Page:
Are you an autobiographer, a communicator or a self publicist? Researchers reveal the three types of selfie taker
- Master's students at Brigham Young University found out why people take selfies
- They found that the reasons go far beyond narcissism or even showing off
- Selfie-takers can be grouped into three different categories: communicators, autobiographers and self-publicists
Everyone takes selfies: your siblings, your friends and maybe even your parents - but why do they do it?
A group of master's students based as Brigham Young University (BYU) aimed to find out why people take and share selfie's.
They found out that the reasons go beyond narcissism, and selfie-takers can be grouped into three categories: communicators, autobiographers and self-publicists.
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Kim Kardashian is a 'self-publicist' - the smallest of the three categories. Self publicists 'are the people who love documenting their entire lives'
In a late-night text chain, the BYU communications students asked themselves the question: what motivates me and you - and people of all ages, cultures, genders and religions - to take and share selfies?
While common perception may lead people to think that selfie-takers have narcissistic motives, the research shows that there's more to it.
In the study, recently published in the journal Visual Communication Quarterly, the five student researchers showed that individuals' motives often extend beyond self-obsession and showing off.
It's important to recognize that not everyone is a narcissist,' said coauthor Steven Holiday, who completed his master's in 2015 and is now pursuing a Ph.D. at Texas Tech.
After analyzing their survey results and interviews, the students identified three categories of selfie-takers: communicators, autobiographers and self-publicists.
Communicators take selfies primarily to engage their friends, family or followers in a conversation.
'They're all about two-way communication,' explained coauthor and current student Maureen "Mo" Elinzano.
People do this when they want to spark a conversation, for example celebrities who want to encourage people to vote by posting "I voted" selfies on Instagram.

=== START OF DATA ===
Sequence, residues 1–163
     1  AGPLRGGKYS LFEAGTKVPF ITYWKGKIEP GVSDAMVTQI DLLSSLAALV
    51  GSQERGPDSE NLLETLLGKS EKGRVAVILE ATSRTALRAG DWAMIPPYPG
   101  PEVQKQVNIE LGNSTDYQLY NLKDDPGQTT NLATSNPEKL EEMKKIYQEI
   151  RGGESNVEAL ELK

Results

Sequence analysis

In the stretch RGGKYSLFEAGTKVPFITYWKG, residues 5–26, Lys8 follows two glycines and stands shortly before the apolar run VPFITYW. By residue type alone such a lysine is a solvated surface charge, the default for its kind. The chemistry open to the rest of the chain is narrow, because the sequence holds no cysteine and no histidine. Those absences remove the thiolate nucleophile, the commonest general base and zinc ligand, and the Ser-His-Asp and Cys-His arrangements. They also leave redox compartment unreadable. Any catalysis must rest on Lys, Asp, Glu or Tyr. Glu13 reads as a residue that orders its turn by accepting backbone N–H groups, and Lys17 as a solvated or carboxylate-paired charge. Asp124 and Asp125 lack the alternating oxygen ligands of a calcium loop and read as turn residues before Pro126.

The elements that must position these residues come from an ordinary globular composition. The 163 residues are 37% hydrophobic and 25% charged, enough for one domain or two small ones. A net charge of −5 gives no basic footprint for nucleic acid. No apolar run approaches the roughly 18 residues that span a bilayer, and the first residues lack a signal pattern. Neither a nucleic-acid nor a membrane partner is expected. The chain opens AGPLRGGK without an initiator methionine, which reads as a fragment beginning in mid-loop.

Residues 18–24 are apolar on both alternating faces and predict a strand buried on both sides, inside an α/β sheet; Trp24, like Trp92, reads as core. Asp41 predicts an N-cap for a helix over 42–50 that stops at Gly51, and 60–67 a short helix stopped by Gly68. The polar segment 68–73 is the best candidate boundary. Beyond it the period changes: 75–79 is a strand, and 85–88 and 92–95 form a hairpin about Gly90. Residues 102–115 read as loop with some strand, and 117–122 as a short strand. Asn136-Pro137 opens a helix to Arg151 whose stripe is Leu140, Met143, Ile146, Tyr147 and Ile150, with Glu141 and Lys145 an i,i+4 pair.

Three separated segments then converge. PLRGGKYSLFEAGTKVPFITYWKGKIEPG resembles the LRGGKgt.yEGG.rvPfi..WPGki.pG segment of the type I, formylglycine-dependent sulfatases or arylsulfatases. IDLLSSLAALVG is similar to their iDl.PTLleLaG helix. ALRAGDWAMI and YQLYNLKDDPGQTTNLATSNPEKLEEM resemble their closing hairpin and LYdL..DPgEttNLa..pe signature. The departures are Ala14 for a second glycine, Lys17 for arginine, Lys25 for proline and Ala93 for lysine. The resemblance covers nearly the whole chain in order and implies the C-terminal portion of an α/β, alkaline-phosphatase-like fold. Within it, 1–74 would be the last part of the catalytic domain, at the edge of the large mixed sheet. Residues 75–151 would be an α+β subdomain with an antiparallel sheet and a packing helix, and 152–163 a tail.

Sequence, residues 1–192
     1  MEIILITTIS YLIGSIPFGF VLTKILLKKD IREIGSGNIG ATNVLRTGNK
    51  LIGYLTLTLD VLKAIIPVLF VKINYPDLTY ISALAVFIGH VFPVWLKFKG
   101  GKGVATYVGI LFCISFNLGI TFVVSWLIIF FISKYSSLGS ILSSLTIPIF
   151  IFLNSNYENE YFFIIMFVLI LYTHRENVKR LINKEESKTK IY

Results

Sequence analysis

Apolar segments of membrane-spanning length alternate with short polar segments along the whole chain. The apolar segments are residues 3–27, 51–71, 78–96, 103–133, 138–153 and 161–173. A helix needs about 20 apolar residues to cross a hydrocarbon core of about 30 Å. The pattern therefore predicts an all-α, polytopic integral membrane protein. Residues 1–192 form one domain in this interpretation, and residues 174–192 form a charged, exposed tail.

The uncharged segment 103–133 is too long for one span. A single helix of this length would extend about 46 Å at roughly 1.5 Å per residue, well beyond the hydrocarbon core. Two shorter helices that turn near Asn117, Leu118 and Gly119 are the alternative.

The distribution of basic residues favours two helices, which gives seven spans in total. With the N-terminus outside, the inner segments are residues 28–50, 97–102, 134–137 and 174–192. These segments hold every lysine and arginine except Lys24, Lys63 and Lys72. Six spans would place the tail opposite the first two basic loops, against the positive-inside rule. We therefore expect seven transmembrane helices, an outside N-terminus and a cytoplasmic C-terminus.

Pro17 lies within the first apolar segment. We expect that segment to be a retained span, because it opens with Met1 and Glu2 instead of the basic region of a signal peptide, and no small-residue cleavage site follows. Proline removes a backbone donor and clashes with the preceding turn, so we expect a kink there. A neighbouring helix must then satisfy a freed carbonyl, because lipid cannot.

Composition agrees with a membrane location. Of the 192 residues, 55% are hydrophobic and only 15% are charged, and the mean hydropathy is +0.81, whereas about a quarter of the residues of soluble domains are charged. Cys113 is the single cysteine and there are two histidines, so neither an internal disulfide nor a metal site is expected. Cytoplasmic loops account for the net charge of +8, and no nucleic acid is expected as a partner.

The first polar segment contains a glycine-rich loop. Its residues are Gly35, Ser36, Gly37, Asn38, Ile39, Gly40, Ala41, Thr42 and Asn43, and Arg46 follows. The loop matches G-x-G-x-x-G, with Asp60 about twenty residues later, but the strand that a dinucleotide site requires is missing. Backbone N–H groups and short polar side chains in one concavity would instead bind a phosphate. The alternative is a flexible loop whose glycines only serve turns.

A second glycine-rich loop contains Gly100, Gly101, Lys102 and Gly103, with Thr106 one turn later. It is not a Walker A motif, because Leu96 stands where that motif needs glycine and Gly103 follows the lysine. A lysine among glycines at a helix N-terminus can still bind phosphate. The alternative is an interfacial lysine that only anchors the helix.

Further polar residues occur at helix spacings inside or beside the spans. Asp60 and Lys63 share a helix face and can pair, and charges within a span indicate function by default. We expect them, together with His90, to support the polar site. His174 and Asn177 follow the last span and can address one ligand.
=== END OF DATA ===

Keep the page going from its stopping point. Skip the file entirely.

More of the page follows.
The second type, autobiographers, use selfies as a tool to record key events in their lives and preserve significant memories.
While people in this group still want others to see their photos, they aren't necessarily seeking the feedback and engagement that communicators are.
NASA astronaut Scott Kelley, who returned to Earth in 2016 after a year in space, chronicled his trip with a number of selfies from space.
NASA astronaut Scott Kelly is probably an 'autobiographer' selfie-taker. He spent a year aboard the International Space Station. This is a selfie of him inside the cupola, a special compartment that provides a 360-degree view of Earth
THE THREE CATEGORIES OF SELFIE-TAKERS
A group of master's students at Brigham Young University wanted to find out the reasons why people take selfies.
They identified three categories of selfie-takers:
- Communicators: This group takes selfies primarily to engage their friends, family or followers in a conversation.
- Autobiographers: Use selfies as a tool to record key events in their lives and preserve significant memories.
- Self-publicists: The smallest of the three groups, they like to document their entire lives, and hope to present themselves and their stories in a positive light.
Self-publicists, actually the smallest of the three groups, 'are the people who love documenting their entire lives,' said coauthor Harper Anderson, who is also now pursuing a Ph.D. at Texas Tech.
'And in documenting and sharing their lives, they're hoping to present themselves and their stories in a positive light.'
Some of the examples the authors provide for this category are Taylor Swift, Katy Perry and the Kardashian sisters.
Identifying and categorizing the three groups is valuable in part because 'it's a different kind of photography than we've ever experienced before,' Holiday said.
'I can go on Facebook or Instagram and see that people have a desire to participate in a conversation.
'It's an opportunity for them to express themselves and get some kind of return on that expression,' said Holiday.
And understanding people's motives can in turn be valuable, said coauthor and current student Matt Lewis, 'because years from now, our society's visual history is going to be largely comprised of selfies.
'To find out why people do it, that contributes a lot to the discussion on selfies and visual communication in general,' said Lewis.